ALMOST 3,300 COMPANIES in Finland have gone bankrupt in the past 12 months, marking an increase of 25 per cent from the preceding 12-month period.
“The number of bankruptcy declarations has risen higher than in the midst of the financial crisis in 2009. In other words, the number of bankruptcies is the highest in 25 years,” Tommi Veistämö, a senior statistician at Statistics Finland, commented on Wednesday.
“Even though the number of companies declared bankrupt in the past year is the highest in 25 years, it is still well below the bankruptcy numbers of the 1990s recession,” he reminded.
In 1992, for example, courts declared a total of 7,391 companies bankrupt.
Compared to the financial crisis, the number of bankruptcies has been high in agriculture, fishing, forestry and services, unchanged in construction and low in industry.
The numbers are bleak also for last month, with the number of bankruptcies jumping by 112 from the previous year to 345 – to the same level as in March 2014. The last time the monthly number of bankruptcies was higher was in October 1997.
The construction industry has been a cause of concern for much of the year.
Statistics Finland on Tuesday reported that the cubic volume of permits for new construction projects fell by 36 per cent year-on-year to six million cubic metres between August and October. The number of dwellings permitted during the three-month period plummeted by 45 per cent to 4,462, whereas the cubic volume of completed residential buildings decreased by six per cent.
There were some signs of recovery, too. The cubic volume of permits for new commercial and office buildings increased by 79 per cent year-on-year.
Residential construction, though, remains in the doldrums, summed up Juho Keskinen, an economist at the Mortgage Society of Finland (Hypo).
“The dismal numbers in new construction are becoming bleaker and bleaker, and bankruptcies in the construction sector will increase by an estimated 200 and by more than 1,000 person-years from last year,” he noted in a press release.
Keskinen pointed out that confidence in the construction sector has fallen to its lowest point since the financial crisis and the number of building permits to its lowest point since the 1990s. The market expectation that interest rates will start to decline has, on the other hand, enabled publicly listed construction companies to recoup some of their share value and real estate sales have shown signs of recovery.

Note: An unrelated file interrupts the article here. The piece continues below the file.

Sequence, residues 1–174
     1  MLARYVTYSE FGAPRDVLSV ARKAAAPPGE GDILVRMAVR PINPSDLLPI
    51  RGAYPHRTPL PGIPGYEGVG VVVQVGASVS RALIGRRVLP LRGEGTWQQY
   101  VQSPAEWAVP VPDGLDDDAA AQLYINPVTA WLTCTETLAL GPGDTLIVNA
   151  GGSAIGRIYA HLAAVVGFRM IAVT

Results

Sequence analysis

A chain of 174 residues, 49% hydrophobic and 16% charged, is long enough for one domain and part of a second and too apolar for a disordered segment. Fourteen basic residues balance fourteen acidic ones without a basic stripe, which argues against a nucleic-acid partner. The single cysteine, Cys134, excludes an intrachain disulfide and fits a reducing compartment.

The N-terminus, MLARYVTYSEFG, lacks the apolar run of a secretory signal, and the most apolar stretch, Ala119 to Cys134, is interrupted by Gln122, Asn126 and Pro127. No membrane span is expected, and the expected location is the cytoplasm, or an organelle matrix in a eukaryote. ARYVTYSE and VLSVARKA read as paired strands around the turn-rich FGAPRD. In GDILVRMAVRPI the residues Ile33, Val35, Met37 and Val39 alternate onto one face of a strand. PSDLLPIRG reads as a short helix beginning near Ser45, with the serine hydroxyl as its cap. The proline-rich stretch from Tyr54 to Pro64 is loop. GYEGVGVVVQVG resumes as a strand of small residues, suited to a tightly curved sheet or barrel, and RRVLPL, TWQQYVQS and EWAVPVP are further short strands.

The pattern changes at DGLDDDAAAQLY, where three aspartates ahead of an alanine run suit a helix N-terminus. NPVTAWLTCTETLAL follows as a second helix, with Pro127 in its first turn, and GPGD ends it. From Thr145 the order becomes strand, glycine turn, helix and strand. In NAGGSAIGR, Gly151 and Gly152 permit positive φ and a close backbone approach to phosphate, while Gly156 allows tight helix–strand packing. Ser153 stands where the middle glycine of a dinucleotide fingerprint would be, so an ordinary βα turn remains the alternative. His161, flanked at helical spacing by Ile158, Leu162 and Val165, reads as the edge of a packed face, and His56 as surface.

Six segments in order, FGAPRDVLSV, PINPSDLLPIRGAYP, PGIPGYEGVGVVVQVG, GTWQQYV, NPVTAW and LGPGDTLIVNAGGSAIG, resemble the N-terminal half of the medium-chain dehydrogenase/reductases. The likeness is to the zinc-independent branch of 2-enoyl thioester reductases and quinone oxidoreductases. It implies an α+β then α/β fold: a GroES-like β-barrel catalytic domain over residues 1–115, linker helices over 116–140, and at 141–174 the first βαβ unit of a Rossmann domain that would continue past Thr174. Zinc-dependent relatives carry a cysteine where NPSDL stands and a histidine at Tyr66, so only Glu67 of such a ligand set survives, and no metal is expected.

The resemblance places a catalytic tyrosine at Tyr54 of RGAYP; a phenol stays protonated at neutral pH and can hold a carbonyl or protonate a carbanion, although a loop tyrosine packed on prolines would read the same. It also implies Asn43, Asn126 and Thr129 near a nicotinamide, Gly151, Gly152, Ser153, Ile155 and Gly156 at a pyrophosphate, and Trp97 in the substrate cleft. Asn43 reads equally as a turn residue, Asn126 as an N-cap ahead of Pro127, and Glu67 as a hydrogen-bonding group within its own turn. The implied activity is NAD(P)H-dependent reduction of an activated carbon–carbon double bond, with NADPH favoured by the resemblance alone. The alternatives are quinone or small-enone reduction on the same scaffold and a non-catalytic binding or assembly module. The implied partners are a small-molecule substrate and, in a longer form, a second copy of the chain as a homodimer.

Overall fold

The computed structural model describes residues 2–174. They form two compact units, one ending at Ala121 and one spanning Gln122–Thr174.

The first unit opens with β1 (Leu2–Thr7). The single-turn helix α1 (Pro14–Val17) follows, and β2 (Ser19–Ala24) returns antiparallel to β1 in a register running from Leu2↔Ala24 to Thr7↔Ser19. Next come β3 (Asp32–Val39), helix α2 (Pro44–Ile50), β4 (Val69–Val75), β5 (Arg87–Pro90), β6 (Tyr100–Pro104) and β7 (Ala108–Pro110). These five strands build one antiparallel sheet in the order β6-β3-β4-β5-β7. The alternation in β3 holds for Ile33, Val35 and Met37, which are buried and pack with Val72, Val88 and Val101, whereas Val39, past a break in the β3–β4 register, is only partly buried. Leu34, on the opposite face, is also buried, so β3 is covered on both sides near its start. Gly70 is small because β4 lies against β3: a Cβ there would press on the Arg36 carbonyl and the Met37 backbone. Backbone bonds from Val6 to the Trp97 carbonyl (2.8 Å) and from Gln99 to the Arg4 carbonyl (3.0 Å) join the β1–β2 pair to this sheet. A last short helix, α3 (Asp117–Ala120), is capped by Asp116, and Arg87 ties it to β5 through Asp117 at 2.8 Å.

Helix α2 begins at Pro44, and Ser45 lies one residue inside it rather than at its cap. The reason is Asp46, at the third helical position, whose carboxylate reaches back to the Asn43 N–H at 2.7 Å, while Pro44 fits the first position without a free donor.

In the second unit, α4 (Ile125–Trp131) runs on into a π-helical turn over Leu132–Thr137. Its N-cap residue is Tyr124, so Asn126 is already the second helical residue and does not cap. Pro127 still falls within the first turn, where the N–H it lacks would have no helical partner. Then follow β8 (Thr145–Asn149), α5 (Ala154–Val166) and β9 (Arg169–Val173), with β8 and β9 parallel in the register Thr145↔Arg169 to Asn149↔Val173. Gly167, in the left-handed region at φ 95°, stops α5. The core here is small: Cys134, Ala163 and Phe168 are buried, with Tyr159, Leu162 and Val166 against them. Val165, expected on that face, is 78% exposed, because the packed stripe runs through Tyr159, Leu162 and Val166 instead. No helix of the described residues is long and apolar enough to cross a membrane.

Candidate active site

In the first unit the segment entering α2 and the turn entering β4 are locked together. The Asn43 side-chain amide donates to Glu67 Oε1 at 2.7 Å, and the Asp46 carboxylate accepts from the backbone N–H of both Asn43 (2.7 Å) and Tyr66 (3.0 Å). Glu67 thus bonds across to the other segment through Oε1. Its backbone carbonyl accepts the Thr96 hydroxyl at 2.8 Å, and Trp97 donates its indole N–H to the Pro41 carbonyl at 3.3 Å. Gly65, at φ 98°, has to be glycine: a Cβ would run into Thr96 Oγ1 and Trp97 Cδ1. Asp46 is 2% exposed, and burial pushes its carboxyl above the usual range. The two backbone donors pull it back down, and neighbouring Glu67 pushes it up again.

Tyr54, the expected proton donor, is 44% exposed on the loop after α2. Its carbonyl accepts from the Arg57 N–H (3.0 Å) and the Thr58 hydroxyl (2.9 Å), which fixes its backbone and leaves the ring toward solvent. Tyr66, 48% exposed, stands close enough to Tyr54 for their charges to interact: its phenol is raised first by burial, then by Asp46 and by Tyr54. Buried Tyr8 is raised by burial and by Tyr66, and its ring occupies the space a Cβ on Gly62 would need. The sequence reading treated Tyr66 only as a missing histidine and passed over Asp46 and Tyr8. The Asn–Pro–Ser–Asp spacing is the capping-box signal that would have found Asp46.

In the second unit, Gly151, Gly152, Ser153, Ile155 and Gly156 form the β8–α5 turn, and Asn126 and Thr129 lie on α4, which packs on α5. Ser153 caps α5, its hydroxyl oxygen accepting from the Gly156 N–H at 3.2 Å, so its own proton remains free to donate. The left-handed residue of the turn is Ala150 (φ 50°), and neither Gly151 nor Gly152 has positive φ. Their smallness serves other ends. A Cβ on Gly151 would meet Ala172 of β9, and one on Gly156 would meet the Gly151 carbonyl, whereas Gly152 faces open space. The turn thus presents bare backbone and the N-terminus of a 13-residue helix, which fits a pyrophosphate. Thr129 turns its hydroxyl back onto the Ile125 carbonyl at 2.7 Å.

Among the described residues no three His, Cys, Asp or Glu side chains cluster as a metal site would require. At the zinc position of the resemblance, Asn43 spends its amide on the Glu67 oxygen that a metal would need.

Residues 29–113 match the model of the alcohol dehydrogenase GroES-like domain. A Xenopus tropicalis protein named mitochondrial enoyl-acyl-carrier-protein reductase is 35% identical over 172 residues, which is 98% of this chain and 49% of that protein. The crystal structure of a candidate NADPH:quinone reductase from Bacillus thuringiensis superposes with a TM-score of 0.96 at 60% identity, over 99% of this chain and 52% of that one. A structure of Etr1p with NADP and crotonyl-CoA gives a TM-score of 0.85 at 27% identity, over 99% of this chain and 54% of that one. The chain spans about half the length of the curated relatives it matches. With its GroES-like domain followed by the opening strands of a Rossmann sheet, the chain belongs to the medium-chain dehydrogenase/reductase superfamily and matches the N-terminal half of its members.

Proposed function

Yet, he does not expect to see the market shift significantly in 2024.
“Next year will nevertheless be historically bad at construction sites, which will be reflected most vividly in the number of newly built houses in 2025,” he said.
The Finnish construction industry witnessed its largest bankruptcy of the year this week, according to Helsingin Sanomat. The District Court of Eastern Uusimaa on Monday declared bankrupt most of Sajucon Asset Management, a Vantaa-based group that specialised in what it described as timeless and practical low-rise buildings.
The group reported an operating profit of 1.3 million euros on revenue of 115 million euros in 2022, the profit signalling a drop of over 13 million euros and revenue an increase of 14 million euros from the previous year.
Sajucon Rakennus, which accounted for 7.3 million euros of total group revenue in 2022, will be the part of the group to stay in business.
“At the time of filing the bankruptcy declaration, two projects remained under construction. The two projects […] had a total of seven dwellings, four of which are set to be completed in December 2023,” the company said on its website.
“The financial situation of the companies deteriorated rapidly during the autumn, and profitability and solvency did not improve effectively enough despite significant adaptation measures. In the prevalent circumstances, the companies slipped into insolvency, which proved irremediable. Declaring bankruptcy was the only option to prevent the accumulation of more debt.”
Aleksi Teivainen – HT